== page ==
Last week in our blog we began to look at the response of the religious leadership in Jerusalem to Peter’s decision to go to Caesarea and share the gospel of Jesus Christ in the home of Cornelius, the Gentile centurion as described in Acts 10. We saw that Peter faced a great deal of criticism on his return and we started to look at his response to that criticism. What we have in Acts 11 is one of the most profoundly significant responses to the Holy Spirit that the early Jewish leadership had to make. Luke writes in verse 4, “Peter began and explained everything to them precisely as it happened,” (Acts 11 NIV). We won’t go into detail on his explanation of breaking through his prejudice against Gentiles, as we have looked very closely at this over the last month in considering how the early Jews were able to overcome the prejudice and racial hatred of the Gentiles through the power of the Holy Spirit. I want to pick up with Peter’s explanation in verse 16 where we read, “Then I remembered what the Lord had said: ‘John baptized with water, but you will be baptized with the Holy Spirit.’ So if God gave them the same gift as he gave us, who believe in the Lord Jesus Christ, who was I to think that I could oppose God?” When they heard this, they had no further objections and praised God, saying, “So then, God has granted even the Gentiles repentance unto life,” (Acts 11 NIV). Jesus had demonstrated clearly that His message was for all of humanity. Remember that He had preached in Samaria to the woman at the well and then to the people of that town (John 4) and then He had gone over to the region of Gerasenes and ministered and preached in an area populated mostly by a Greek population. Jesus even had the boldness to heal the servant of a Roman centurion (Luke 7:1-10).
Peter states, “I remembered”, as he was in the household of Cornelius, he remembered the teaching and example of the Lord Jesus Christ regarding the salvation of the Gentiles. This memory was in sharp contrast to Peter’s past resentment and prejudice towards Gentiles. When we allow God to speak into the very core of our beings, He is the one who can so profoundly change our hearts and lives. Peter realized that if he was not obedient to what God had called him to do, he would in fact the hindering the work of God. All of this was his reflection at the moment he was living through in the home of Cornelius. His statement, “who am I that I could oppose God?” reflects his realization that it was God who directed him into the home of Cornelius to bring the life-changing message of Jesus Christ. Peter was only a feeble creature, whereas God is the Almighty Creator and has the right to do according to the counsel of His own will. When we realize that God desires us to reach across boundaries to minister to people who are not like us and to cross racial barriers and divides there is a great and amazing blessing that comes into our hearts and lives.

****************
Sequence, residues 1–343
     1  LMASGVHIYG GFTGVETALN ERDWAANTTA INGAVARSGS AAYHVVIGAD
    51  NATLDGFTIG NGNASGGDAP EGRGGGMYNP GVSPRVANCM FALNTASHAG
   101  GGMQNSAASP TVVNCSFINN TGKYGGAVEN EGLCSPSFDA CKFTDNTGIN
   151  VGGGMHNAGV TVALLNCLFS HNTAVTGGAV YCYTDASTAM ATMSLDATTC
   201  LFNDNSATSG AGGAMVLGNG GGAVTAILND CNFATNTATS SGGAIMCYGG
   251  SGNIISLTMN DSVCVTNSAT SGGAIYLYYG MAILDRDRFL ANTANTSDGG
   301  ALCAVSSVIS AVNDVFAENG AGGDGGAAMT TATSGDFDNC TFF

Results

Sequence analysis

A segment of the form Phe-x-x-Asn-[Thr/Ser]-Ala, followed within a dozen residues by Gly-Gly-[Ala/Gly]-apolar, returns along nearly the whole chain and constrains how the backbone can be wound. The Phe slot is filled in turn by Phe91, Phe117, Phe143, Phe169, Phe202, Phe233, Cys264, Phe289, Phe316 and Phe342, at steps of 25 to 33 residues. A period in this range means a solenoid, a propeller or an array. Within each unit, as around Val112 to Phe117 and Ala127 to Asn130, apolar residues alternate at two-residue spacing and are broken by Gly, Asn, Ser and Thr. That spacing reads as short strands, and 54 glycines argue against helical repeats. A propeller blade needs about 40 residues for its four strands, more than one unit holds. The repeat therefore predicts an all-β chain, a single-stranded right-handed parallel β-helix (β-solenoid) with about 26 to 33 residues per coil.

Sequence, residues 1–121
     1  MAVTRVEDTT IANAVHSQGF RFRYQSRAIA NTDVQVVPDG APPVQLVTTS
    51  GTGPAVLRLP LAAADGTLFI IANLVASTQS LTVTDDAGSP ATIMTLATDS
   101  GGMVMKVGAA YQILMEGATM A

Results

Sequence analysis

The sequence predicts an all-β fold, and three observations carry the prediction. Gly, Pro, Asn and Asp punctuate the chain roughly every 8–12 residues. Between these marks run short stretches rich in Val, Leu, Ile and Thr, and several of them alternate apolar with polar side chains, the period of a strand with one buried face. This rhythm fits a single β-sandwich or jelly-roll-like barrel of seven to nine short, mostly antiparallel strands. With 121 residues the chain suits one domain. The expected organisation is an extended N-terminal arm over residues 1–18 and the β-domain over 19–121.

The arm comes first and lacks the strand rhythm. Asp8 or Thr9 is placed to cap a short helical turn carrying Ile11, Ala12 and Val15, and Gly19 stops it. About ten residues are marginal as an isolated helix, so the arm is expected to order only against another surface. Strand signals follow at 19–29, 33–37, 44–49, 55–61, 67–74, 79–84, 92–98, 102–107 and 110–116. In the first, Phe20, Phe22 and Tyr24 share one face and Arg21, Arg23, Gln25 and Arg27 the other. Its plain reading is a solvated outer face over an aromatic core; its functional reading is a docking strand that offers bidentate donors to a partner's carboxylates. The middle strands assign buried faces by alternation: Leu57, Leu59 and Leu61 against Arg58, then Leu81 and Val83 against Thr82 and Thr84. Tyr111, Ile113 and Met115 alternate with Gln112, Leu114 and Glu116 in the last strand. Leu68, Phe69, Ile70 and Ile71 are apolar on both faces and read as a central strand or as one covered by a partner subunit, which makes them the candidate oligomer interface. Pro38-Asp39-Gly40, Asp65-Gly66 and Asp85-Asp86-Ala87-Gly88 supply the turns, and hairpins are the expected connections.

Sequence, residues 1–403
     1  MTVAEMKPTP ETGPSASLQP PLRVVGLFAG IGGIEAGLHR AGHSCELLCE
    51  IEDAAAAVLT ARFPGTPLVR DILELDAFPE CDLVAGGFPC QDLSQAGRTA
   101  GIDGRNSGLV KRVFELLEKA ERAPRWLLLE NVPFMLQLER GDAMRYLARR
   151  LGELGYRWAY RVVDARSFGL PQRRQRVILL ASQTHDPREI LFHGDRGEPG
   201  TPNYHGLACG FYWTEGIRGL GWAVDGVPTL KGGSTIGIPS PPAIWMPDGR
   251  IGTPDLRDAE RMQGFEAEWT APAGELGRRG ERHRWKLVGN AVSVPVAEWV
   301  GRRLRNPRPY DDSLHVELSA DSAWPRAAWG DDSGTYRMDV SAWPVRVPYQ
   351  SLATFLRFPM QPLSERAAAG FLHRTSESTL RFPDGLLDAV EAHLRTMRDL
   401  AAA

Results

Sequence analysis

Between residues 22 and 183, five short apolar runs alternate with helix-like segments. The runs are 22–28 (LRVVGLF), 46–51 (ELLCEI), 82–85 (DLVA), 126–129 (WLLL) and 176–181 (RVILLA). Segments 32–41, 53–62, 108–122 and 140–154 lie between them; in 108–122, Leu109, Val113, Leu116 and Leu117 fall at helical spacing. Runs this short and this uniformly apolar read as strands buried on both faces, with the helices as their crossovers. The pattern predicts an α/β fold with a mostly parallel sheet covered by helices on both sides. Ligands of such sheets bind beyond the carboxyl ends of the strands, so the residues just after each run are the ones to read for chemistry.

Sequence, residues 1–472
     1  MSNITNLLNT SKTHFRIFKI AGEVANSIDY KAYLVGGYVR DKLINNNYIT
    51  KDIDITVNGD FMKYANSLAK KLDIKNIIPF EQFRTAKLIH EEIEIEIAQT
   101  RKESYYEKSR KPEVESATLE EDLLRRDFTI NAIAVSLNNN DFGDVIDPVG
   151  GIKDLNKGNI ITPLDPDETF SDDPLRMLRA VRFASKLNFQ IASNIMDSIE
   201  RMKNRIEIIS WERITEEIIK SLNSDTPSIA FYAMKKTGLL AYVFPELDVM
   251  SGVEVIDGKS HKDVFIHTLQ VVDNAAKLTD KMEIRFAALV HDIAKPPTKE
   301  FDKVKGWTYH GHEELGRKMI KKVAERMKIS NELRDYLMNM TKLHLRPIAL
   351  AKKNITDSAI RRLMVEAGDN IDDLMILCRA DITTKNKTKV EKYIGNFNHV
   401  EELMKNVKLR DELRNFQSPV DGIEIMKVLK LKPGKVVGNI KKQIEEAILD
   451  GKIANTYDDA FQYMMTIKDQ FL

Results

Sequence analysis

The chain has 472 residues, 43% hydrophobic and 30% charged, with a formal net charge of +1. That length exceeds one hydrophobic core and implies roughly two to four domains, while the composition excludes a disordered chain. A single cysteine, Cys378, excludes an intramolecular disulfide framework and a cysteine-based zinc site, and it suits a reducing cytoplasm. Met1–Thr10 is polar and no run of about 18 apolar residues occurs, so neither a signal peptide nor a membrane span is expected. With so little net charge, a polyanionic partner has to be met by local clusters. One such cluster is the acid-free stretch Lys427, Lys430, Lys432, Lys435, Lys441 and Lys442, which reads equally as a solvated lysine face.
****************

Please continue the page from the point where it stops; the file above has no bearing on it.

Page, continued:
Peter’s answer to the accusations against him in sharing his testimony and witness is a great stroke in his explanation as these facts made an unanswerable defense. By Peter’s statements, he implicitly claimed that the Gentiles were full members of the church, therefore circumcision and keeping of the law were unnecessary for salvation. The Scriptures record the response of the early leaders, “when they heard this, they had no further objections and praised God”, (Acts 11:18a NIV). The Greek language in this section hints at a reluctant acceptance. They could not argue with Peter about what had happened because it was clearly of God. It would be nice to read in the following chapters of the book of Acts that the Jewish leadership entered zealously into its mission to the Gentiles. That would be nice to read, however, that’s not what we read in the following chapters of Acts. Their statements, “So then, God has granted even the Gentiles repentance on the life,” (Acts 11:18b NIV), is a statement of momentous importance and yet it seems to have had very little impact on the leadership of the church in Jerusalem. Nowhere in the book of Acts do we read of the city of Jerusalem becoming a hotbed for Gentile evangelism. That will eventually happen, but it’s going to begin in Antioch and not in Jerusalem.
The Jewish leaders recognized that a genuine heart’s repentance is a grace gift that brings salvation, but they seemed very hesitant to embrace the people who were receiving that gift. I believe if we are to overcome bigotry, narrowmindedness, and all kinds of prejudice that this process begins with a recognition of the problem. It also requires a genuine change of heart and an acknowledging of who we are going to be spending eternity with. Being together in eternity will in fact have nothing to do with the color of a person’s skin or the political party they are associated with, or what church or their religious organization they associate with. It will all be about having a personal relationship with Jesus Christ. Being able to share that in the here and now is such an important component of helping us to break through barriers and change hearts and lives. Let us seek God’s guidance as to how He wants to use us to overcome the division and hate that so fills our world today and let us be models of what it means to be followers of Jesus Christ.
In the King’s Service,
Pastor Rich Sivo